October 10, 2003


[Saddam's] WMD Lies (Daniel Pipes, 10/10/2003)

Suppose for an instant that no weapons of mass destruction ever turn up in Iraq. Of course, they might well still appear, but let's imagine that Saddam Hussein did not have an advanced program for chemical, biological and nuclear weapons, as well as the missiles to carry them.

[....]Why would a leader who reached the top of a slippery pole through supreme guile, persist in so counterproductive a policy? His biographers, Efraim Karsh and Inari Rautsi, describe Saddam Hussein's characteristics as "obsessive caution, endless patience, tenacious perseverance, impressive manipulative skills and utter ruthlessness." How could he not have cut his losses, acknowledged the nonexistence of his WMD program, and thereby have saved his dictatorship?

This mistake can best be explained as the result of Saddam inhabiting the uniquely self-indulgent circumstance of the totalitarian autocrat, with its two key qualities:

Hubris: The absolute ruler can do anything he wants, so he thinks himself unbounded in his power.

Ignorance: The all-wise ruler brooks no contradiction, so his aides, fearing for their lives, tell him only what he wants to hear. Both these incapacities worsen with time and the tyrant becomes increasingly removed from reality. His whims, eccentricities and fantasies dominate state policy. The result is a pattern of monumental mistakes.

Two historical examples make this point. Hitler was winning World War II until he insisted, against the muted advice of his generals, to begin a two-front war by attacking the Soviet Union. Stalin responded to the buildup of Nazi forces along his border by pretending the whole thing was not taking place.

Hitler's mistake is seen as one of the turning points of World War II and a key reason for Germany's defeat. Stalin's error caused the deaths of many millions of his subjects. The Nazi-Soviet war was the largest, most brutal, and most deadly in human history, and it resulted primarily from the hubris and ignorance of two dictators.

Saddam Hussein already has a comparable record of mistakes (recall his disastrous invasions of Iran and Kuwait), so clinging to a nonexistent WMD program even as it led to his own perdition should come as no surprise. We on the outside can only imagine the ambitions and distortions that prompted his faulty decisions.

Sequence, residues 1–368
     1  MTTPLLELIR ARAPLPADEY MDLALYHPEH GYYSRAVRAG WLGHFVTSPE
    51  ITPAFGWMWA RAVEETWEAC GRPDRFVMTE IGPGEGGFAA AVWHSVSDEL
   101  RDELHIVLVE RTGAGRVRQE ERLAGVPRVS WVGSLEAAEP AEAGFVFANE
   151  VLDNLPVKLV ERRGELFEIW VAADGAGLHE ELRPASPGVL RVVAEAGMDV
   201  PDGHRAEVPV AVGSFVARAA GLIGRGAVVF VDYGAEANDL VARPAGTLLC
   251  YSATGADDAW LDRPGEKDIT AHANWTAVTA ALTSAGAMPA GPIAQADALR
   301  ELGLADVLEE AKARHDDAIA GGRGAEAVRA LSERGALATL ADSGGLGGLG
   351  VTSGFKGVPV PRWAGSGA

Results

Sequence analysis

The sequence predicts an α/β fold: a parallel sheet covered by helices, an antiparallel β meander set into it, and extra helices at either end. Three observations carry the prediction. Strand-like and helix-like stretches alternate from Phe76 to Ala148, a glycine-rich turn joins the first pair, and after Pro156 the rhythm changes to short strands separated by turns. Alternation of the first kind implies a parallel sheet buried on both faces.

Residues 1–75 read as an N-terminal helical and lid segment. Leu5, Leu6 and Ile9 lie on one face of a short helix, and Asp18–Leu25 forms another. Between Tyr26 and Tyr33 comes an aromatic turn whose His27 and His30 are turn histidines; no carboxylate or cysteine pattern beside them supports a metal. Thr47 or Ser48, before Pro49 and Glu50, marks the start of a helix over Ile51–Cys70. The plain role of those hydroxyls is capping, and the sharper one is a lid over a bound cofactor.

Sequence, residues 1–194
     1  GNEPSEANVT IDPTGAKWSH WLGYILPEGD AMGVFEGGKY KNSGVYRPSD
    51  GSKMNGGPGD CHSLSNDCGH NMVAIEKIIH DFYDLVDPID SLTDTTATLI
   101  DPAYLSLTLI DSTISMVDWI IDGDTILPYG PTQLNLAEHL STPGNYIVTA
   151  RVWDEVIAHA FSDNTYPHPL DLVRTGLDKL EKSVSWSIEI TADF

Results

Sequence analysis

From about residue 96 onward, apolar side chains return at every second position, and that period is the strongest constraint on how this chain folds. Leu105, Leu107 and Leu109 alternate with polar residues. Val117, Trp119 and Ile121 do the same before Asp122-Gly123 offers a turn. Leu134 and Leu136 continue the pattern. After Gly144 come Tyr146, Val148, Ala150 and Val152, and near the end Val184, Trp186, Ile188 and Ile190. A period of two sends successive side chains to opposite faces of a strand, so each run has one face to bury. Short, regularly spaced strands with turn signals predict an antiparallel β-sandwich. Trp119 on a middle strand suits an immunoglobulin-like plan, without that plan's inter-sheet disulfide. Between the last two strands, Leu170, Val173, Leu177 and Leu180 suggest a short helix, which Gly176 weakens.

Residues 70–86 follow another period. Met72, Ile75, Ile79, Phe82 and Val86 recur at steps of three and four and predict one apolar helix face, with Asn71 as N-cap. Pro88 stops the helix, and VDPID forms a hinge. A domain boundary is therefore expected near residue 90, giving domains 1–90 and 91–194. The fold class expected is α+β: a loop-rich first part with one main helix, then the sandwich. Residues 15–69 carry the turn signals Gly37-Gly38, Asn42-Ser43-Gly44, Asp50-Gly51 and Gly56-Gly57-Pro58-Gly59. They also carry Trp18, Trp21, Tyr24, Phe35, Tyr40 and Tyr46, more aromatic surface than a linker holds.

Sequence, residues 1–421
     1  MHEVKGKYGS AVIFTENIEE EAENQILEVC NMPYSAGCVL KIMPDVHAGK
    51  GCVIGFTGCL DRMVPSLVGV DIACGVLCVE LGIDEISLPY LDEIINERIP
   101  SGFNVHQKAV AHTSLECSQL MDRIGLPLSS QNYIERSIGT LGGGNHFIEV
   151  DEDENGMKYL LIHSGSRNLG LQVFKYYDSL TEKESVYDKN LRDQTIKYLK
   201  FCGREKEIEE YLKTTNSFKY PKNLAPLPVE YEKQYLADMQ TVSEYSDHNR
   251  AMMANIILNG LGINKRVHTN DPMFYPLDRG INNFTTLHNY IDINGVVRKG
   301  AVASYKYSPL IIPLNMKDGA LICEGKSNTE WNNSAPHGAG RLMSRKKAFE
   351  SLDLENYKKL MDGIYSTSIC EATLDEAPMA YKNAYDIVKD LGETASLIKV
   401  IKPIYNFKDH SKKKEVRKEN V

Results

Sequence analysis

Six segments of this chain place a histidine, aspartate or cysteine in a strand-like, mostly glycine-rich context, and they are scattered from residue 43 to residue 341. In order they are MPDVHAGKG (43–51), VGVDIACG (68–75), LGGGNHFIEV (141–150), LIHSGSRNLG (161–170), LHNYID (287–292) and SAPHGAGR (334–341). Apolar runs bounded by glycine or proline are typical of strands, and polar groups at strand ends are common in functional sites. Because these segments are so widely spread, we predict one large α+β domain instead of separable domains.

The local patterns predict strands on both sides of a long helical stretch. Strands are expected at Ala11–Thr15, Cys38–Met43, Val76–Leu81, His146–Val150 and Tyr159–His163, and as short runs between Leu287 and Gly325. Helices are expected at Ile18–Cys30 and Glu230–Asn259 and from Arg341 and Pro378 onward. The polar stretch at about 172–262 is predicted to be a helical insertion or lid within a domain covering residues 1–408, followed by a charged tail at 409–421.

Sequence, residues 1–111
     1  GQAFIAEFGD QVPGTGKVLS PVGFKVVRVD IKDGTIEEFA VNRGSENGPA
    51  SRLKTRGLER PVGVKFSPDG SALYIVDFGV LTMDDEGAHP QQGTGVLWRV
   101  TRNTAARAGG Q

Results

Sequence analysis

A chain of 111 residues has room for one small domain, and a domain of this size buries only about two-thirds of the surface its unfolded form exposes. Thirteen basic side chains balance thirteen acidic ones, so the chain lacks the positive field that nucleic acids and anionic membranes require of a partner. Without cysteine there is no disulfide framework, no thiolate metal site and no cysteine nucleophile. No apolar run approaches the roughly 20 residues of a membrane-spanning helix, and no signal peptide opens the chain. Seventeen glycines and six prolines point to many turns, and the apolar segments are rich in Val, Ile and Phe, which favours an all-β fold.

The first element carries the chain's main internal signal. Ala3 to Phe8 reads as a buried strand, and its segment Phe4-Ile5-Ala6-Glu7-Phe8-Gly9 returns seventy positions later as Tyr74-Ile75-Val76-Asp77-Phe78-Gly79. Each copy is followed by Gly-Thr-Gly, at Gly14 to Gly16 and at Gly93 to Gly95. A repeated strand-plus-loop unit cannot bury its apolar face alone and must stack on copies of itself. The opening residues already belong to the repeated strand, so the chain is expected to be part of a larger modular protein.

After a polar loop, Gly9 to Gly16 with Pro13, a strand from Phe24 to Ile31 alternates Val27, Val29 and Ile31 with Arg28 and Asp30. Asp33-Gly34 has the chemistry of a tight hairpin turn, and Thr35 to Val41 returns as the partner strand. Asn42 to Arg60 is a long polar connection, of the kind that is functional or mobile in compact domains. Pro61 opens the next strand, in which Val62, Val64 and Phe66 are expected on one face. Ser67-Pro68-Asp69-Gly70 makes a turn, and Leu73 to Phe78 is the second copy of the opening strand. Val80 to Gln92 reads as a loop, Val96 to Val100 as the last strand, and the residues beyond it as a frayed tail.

The propensity of totalitarian demigods to self-inflicted wounds has direct implications for dealing with North Korea, Libya, and other rogue states. Their rulers' vanity and isolation can lead toward a catastrophe that makes no sense to the outside world, but which has a vast capacity to do harm.

Despite the major media's effort to the contrary and despite the as-yet-unlocated WMD, the good news slowly seeping out of Iraq appears to be just a trickle of what will surely be a flowing river in due time. In fact, it may be enough to drown the cries from the "yeah, but there's still no WMD" crowd.

If WMD are located, what will be really laughable is the audacity of the Kerrys, Deans, Clintons, Kennedys, et al re-repositioning themselves to take credit somehow.

Posted by John Resnick at October 10, 2003 12:41 PM

All the nay-sayers will merely claim that they were doing their constitutional duty as the 'opposition party'. But it won't wash, no matter how many editorials the NYT issues on the subject. The real point will be to watch what other Democrats (younger ones, mainly, looking ahead to 2008 and beyond) will say. Ari Fleischer's warning about watching what one says is just as true for them.

Posted by: jim hamlen at October 10, 2003 2:19 PM

By next spring, calling Bush a "shrub" and a "moron" is going to sound an awful lot like whistling past the graveyard.

Posted by: Jeff Guinn at October 10, 2003 8:04 PM